One of my professors gave me a recommendation letter for my master's degree application however I just noticed that she wrote the specific program that I'm applying to from a different university that I want to apply as well. Is it alright to just change that data? She send it on a pdf file, and I could easily change it to word and change it, but I don't know how acceptable that is. I'm afraid that the new program I want to apply will think is a fake letter or something like that. What should I do? Is 1.45 am and I need to finish the application ASAP.

  • 4
    "she wrote the specific program that I'm applying to from a different university that I want to apply as well" <-- I think that's less of a problem than you think it is. Admissions officers or faculty will understand that professors write hundreds of recommendation letters for dozens of students and can easily get confused. Her assessment of you shouldn't depend on where you're applying. On the other hand, forging the recommendation can easily backfire, even if done just to correct it. (I'm pretty sure that the result of PDF -> DOC -> PDF will not look like the original PDF as well.) Dec 1 '18 at 6:13
  • But is it really forgint the recommendation if I'm only changing the part where it says I'm speaking on behalf (add my name) recommending her for the (add the name of the master's program) ? I'm not changing anything else.
    – luminous
    Dec 1 '18 at 6:23
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    Well, it's not her words anymore. But as I said, on a practical level: Your end result will not look exactly like the original. What if the person reading this PDF will also see another unaltered letter from the same author? Dec 1 '18 at 6:25
  • I get that, but It feels bad that my recommendation letter is adress to another university in a totally different country.
    – luminous
    Dec 1 '18 at 6:32
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    Most programs accept letters well past the deadline for applicant submission. Unless this one specifically requires letters to be submitted ASAP, just notify her and ask her to resubmit. (And even then, don't edit it) Dec 1 '18 at 18:22

You cannot do this.

Your professor recommended you for University A; changing their recommendation to University B is fraud. I realize that they are probably also willing to recommend you for University B (they may even have promised to write a letter for University B), so I know it seems like you're just saving everyone some time. But, the professor still hasn't authorized you to do this. I for one would be angry if I found out that anyone submitted a letter with my name on it without my explicit permission (and, for an undergraduate student, I would indeed want to glance at the updated letter before approving it).

The other concern is that University B could somehow find out about this and assume the worst (that you falsified the letter). They could reject you without even bothering to ask for clarification.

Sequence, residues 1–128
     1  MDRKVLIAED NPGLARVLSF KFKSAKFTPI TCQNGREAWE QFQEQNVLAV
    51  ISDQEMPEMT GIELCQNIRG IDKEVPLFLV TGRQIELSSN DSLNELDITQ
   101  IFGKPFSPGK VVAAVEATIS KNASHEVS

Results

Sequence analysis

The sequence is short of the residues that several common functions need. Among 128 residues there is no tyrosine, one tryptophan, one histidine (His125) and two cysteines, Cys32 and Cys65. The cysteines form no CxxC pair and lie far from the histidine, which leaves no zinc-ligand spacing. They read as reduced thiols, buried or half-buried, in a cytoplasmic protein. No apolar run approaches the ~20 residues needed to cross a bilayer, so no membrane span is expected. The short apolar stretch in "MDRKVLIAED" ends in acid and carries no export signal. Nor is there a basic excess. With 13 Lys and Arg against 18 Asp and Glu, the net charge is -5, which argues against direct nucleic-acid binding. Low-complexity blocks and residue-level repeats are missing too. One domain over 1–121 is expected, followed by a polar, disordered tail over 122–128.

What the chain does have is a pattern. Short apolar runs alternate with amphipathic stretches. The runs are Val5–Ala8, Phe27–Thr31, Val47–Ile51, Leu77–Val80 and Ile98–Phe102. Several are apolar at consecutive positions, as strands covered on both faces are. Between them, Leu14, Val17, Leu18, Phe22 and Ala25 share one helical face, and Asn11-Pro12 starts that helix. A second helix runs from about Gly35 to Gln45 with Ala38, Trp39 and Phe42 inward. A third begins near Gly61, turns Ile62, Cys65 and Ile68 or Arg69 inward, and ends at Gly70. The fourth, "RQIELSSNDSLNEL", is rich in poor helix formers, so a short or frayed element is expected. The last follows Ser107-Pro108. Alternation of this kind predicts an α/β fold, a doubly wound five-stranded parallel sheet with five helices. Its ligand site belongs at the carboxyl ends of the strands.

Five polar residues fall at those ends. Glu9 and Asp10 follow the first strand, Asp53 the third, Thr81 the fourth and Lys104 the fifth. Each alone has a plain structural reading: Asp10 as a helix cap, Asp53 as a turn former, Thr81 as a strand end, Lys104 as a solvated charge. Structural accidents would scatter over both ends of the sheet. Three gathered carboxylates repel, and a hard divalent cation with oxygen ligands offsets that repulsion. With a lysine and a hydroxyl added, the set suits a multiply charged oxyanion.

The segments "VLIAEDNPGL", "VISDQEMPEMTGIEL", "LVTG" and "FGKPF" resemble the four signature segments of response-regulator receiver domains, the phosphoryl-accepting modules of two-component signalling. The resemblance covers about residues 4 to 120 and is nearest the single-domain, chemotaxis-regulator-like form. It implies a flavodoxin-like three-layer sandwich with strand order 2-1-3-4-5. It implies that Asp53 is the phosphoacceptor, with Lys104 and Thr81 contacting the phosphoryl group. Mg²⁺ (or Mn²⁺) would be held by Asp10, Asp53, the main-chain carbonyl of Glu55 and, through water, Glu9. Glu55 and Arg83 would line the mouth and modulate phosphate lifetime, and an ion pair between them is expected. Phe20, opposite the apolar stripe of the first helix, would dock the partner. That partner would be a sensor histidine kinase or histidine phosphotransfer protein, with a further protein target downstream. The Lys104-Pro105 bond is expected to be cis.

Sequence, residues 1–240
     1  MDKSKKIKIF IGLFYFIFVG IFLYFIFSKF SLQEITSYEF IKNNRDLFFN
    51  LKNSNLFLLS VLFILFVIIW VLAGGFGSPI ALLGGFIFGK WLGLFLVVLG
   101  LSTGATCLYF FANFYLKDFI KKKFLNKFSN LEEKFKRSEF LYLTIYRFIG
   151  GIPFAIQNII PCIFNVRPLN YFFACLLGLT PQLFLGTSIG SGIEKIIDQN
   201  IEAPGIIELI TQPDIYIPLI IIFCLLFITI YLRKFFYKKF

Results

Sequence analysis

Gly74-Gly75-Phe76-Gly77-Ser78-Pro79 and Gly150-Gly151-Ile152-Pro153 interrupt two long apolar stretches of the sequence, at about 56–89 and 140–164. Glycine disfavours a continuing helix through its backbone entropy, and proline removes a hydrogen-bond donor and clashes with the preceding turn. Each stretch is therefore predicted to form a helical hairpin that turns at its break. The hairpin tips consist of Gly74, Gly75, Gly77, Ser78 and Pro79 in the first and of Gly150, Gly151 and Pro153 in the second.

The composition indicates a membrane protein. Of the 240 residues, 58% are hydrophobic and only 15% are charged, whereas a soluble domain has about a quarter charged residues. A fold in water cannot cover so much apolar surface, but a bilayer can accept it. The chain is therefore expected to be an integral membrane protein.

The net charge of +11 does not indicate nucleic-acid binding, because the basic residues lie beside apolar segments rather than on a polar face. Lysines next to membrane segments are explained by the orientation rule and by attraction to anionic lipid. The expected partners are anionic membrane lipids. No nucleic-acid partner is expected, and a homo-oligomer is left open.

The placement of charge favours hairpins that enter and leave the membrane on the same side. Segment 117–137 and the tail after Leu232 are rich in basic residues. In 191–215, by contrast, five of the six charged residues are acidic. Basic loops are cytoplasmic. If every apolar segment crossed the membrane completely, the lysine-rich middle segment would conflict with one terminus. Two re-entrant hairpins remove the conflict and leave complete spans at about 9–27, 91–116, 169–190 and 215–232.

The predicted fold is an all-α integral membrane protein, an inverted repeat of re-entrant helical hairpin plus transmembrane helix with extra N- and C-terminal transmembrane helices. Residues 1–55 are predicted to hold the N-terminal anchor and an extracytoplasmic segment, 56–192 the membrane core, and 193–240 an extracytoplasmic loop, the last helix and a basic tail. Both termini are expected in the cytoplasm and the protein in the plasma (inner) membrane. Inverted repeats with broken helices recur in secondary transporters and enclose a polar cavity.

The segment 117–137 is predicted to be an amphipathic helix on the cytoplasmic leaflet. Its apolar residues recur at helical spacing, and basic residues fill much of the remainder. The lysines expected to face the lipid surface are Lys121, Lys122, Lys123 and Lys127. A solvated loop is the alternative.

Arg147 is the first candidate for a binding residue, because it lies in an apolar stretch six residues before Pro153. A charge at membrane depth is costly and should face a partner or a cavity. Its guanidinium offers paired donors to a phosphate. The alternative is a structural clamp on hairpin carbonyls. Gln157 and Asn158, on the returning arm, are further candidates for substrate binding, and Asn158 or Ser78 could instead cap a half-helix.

So, three options:

  • Ask the professor to change it
  • Ask the professor if you can change it (this addresses the first concern only)
  • Submit it as-is -- as noted in the comments, programs will not generally be too concerned about this mistake, particularly if Universities A's competitiveness >= University B's competitiveness.

What you are proposing doing is called forgery. The reason it’s bad is that it involves deception and dishonesty. Even if your intentions are good, as they seem to be, that would make it well-intentioned forgery, but that’s still a kind of forgery, which is not only a big no-no in an academic context, but also a criminal offense in most places. So just don’t do it. More than that, don’t even think about doing it.

As for the practical problem you have that made you want to do this, it can be easily solved in a variety of ways that don’t involve any dishonesty. The simplest one would be to email the professor and point out the mistake, and ask her to fix it and send you a corrected PDF letter. At the same time, if you have an urgent deadline to meet, upload the original PDF with the mistake, and later find a way to contact the admissions office and send them the corrected PDF. This is just to correct an honest mistake, so I’m sure no one will make a fuss about this. By contrast, as others point out, finding out that you changed the letter the professor wrote would be immediate grounds for rejecting your application if not worse.


As far as I’m concerned, if I were an admissions officer or on an admission panel, discovering such an action would be cause for me to call for immediate dismissal from the program and in fact from the university. I would advise the student that if called upon to explain this dismissal I would immediately indicate that it was because of admission under fraudulent premises.


Well you can use it to apply the the program / uni named with no issue.

You cannot edit it as you suggest as she did not write or sign that...

It would have been better, and I do this, to write the letter to be specific about you, not mentioning the course by name and date but more generically...

  • But I'm not editing what she wrote itself about me. Is just the name of the university to which is being send the recommendation letter.
    – luminous
    Dec 1 '18 at 6:25
  • 1
    You don’t even have to do pdf -> word -> pdf... but I’m not going there... as I don’t think you have the right to alter it.
    – Solar Mike
    Dec 1 '18 at 7:01

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